The Zeitwerk and the Lange 1 are really outstanding A. Lange & Söhne creations. It first unveiled was completely revolutionary, with its jumping digital displays for hours and minutes and the totally complicated movement, complete with constant force escapement. After that, the replica A. Lange & Söhne has launched a few variations on the original theme, consisting of the Handwerkskunst and the Decimal Strike. Luckily, we're gaining yet another new Zeitwerk, the first with an extra "small" complication, the Zeitwerk Date. Just seeing the watch, it's apparent to see what's going on: You've got the classic Zeitwerk with the addition of a date ring around the outer edge of the dial. The interesting point is that the date is shown via the movement of a red marker under the dial that fills in the proper transparent number to indicate the exact date. The effect is extremely elegant and the extra information doesn't at all distract from the bold Zeitwerk hours and minutes. It's always difficult to tell from press renderings of replica watches, but I want to bet top dollar that the effect is even more subtle in person than it appears here. With the additional complication comes some extra heft - so as to accommodate the extra numerals without disrupting the proportions of the main display, the case has expanded to 44.2mm in diameter from the 41.9mm of the original Zeitwerk. The grey dial and big rhodium-plated German silver bridge look fantastic, and the red accents feel right at home too. This replica watch is a common model, but as you might expect production will be relatively small each year. I still remember the very first time I saw a Zeitwerk - it was real and I'd never seen a photo of one either. My instant reaction was something along the lines of "holy cow, what is that!?" That may be eight or nine years ago, and since then it has grown no less impressive to me over time. Of course, it's a little bigger and thicker than I'd like for my own daily wear, but it's a perfect fake watch I find myself returning to time and time again. This version might be even a little larger in diameter, but to see it get a small technical update like this is interesting, and both the execution of the date complication and the artwork on the dial are greatly elegant and impressive. This is absolutely one of the watches I'm most excited to see in the metal in the year 2019.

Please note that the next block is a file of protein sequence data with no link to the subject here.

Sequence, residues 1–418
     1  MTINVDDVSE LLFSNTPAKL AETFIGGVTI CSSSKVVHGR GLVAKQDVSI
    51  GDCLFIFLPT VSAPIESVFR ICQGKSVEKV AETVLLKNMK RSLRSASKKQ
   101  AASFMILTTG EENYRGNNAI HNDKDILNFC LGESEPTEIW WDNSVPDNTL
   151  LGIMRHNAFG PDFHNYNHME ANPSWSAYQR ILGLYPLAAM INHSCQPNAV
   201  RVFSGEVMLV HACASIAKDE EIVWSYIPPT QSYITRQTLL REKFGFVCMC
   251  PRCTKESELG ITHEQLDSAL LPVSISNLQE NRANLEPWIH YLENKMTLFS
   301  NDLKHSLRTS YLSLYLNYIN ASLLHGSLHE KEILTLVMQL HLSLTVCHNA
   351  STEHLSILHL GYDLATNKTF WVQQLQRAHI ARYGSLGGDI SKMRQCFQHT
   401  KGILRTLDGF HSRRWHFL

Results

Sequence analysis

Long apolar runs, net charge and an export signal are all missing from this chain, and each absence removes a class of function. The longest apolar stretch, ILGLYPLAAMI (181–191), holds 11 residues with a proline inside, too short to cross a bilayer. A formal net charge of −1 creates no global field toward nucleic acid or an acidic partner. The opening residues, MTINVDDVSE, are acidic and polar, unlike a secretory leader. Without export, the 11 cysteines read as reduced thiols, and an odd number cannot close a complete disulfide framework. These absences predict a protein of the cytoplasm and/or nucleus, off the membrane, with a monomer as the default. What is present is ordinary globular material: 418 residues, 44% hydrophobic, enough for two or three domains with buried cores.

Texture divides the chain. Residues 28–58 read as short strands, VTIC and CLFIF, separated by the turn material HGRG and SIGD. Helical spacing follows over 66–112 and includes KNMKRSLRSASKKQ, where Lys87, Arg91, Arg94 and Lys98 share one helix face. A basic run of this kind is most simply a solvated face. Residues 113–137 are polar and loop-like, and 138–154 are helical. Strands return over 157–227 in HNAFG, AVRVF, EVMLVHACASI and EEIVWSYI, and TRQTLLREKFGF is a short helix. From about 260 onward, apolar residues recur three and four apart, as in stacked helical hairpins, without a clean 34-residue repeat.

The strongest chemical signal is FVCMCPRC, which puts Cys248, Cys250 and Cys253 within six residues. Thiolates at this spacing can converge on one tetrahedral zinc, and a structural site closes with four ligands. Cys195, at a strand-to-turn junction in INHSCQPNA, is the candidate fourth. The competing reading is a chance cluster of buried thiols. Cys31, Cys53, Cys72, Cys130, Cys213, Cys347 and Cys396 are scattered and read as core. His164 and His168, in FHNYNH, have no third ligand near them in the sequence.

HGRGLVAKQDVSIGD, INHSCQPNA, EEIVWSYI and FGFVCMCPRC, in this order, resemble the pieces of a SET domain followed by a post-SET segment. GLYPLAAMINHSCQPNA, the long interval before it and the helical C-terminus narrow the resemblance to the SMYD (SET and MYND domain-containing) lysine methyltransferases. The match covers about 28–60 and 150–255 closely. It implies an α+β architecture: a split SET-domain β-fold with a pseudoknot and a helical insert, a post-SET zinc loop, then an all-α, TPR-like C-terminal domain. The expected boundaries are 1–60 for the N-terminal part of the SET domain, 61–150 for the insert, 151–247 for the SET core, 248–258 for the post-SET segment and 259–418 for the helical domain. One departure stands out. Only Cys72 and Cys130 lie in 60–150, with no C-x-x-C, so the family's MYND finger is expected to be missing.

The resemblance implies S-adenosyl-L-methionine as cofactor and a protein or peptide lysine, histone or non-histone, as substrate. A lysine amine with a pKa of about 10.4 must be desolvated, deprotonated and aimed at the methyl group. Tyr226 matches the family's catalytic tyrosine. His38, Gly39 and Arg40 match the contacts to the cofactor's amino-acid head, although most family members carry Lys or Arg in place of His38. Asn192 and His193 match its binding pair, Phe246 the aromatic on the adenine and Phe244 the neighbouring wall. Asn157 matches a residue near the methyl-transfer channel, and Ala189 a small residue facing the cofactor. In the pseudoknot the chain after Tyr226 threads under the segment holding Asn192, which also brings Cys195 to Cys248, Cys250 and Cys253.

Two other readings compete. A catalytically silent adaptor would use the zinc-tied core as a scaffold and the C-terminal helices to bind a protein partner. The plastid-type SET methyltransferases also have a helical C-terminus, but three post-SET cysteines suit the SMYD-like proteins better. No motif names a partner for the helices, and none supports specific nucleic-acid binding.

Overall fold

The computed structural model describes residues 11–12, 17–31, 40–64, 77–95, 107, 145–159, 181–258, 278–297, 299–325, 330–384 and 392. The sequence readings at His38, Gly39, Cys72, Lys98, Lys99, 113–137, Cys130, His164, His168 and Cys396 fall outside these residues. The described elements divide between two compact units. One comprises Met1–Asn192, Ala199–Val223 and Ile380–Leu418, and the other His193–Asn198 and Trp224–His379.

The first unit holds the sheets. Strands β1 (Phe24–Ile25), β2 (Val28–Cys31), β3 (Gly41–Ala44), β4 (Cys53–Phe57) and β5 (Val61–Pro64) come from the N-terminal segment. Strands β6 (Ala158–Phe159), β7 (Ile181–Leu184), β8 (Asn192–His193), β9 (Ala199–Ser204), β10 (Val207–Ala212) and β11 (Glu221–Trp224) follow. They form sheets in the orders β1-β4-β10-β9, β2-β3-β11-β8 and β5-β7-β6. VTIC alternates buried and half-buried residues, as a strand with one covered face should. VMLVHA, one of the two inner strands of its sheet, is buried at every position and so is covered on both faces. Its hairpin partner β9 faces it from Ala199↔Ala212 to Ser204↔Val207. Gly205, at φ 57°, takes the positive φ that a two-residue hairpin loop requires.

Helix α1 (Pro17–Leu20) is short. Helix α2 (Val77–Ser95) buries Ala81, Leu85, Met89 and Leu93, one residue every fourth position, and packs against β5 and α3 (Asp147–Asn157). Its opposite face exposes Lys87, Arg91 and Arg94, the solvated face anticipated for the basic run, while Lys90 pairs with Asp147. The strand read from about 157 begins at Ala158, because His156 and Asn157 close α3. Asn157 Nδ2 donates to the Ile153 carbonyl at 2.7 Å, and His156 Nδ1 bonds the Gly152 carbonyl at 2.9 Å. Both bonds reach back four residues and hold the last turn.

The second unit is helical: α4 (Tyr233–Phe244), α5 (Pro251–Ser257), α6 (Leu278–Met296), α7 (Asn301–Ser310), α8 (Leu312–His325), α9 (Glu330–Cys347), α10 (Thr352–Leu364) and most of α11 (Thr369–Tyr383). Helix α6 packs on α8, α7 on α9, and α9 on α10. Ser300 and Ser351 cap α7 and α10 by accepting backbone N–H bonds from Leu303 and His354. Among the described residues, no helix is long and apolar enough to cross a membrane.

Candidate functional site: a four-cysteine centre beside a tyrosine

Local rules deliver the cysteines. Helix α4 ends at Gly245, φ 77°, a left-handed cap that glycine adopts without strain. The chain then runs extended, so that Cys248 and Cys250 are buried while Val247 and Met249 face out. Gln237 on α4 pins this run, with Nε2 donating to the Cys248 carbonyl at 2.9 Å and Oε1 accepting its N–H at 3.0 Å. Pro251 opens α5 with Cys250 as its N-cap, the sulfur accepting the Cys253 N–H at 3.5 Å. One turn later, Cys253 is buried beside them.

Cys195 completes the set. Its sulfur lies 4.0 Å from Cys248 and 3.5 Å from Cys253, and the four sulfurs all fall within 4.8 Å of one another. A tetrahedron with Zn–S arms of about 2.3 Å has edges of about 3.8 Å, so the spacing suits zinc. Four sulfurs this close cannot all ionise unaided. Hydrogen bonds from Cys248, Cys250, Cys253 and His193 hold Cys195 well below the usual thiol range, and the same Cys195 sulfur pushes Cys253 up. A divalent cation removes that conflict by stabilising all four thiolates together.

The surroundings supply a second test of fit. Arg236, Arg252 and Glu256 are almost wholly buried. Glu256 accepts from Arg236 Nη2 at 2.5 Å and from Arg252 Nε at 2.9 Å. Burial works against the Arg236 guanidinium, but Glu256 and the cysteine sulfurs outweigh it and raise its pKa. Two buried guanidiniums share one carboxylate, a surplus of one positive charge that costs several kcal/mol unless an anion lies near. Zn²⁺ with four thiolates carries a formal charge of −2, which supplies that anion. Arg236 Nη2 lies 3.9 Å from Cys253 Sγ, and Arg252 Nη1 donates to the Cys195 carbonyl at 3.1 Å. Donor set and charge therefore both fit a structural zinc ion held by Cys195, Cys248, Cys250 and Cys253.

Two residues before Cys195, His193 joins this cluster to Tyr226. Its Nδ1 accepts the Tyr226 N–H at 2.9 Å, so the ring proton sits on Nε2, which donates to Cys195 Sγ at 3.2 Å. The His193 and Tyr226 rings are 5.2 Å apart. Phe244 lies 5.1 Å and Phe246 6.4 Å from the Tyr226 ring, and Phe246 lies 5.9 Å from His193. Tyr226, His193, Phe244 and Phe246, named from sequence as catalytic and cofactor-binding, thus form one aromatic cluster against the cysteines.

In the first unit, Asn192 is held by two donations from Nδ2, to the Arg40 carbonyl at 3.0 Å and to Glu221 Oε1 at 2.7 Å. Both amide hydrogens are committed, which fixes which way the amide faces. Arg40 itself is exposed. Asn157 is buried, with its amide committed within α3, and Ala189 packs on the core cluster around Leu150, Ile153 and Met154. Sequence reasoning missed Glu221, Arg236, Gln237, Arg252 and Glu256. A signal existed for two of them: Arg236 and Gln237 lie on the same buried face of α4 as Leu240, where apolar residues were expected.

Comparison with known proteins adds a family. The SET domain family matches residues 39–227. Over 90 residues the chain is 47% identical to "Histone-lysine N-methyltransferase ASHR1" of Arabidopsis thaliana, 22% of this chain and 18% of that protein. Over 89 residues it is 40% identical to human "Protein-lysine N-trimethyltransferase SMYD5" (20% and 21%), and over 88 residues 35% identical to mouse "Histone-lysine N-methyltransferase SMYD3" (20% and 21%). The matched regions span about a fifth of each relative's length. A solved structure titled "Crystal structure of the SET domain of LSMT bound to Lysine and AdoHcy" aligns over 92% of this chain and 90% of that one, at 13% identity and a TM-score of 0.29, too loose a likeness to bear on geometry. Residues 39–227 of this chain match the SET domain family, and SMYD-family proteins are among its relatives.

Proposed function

There are many shapes and sizes of sports watches. While I may prefer a good dive watch or the old-school charm of a racing chronograph, as for me a solid GMT is the best and nothing can beyond it. I suppose there is something particular about GMTs, about their ethos, their simple but powerful functionality, and their ability to ground you in your roots while adapting to anywhere you want to go in your life. Tudor declared the Black Bay GMT in March at Baselworld, a smart stainless steel travel watch based on the format established by their Black Bay dive watches, with true GMT functionality as well. Following the Pepsi-colored bezel established by Tudor's sibling brand Rolex, the Black Bay GMT is rather a new style for Tudor, but one that is recognizable both for its general Black Bay roots and for its aesthetic and functional similarities to one of the all-time great travel replica watches, the Rolex GMT-Master II. With a strong value proposition, perfect design, and a new movement offering true GMT functionality well, the Black Bay GMT has become a classical port watch for the crazy traveler. Tudor has never really produced anything that could be considered a true precursor to the Black Bay GMT before. Of course, they've produced some GMT watches in their history, and even fitted the Heritage Chronograph with a smart 12-hour bezel, but the Black Bay GMT is unique among their product legacy and not according to any specific Tudor reference or model during the production. If we zoom out just a little, we find Tudor's older brother, Rolex, who do produce a very similar watch in the GMT-Master II. Originally announced the reference 16760 in 1983, the GMT-Master II built upon the travel-ready appeal of the original GMT-Master that Rolex developed for Pan Am pilots in the mid-1950s. Rolex created the model around a new movement that offered local jumping hours for GMT-Master II. So when you landed in a new time zone, you could change the local time in either direction by jump-setting the hour hand through the crown. This functionality also included the ability to progress or retract the date (If you fly through midnight), and the whole process could be done without stopping the replica watch or even disrupting the position of the other hands. If you fly a lot, this functionality will be upgraded. As we all know, the GMT-Master has offered a 24-hour bezel in a split blue/red color scheme that enthusiasts call a "Pepsi" bezel since its inception as reference 6542. At the same time, other colors have been offered, including red/black which is called a "Coke" bezel. The split colors help to describe day/night in the second time zone, and the color scheme has become one of the most noticeable visual design cues of the GMT-Master and GMT-Master II. While there was a brief pause while Rolex developed the ability to produce a red/blue Cerachrom bezel (their application of a ceramic bezel insert), the white gold reference 116719 with the Pepsi look returned to the line up at Baselworld 2014.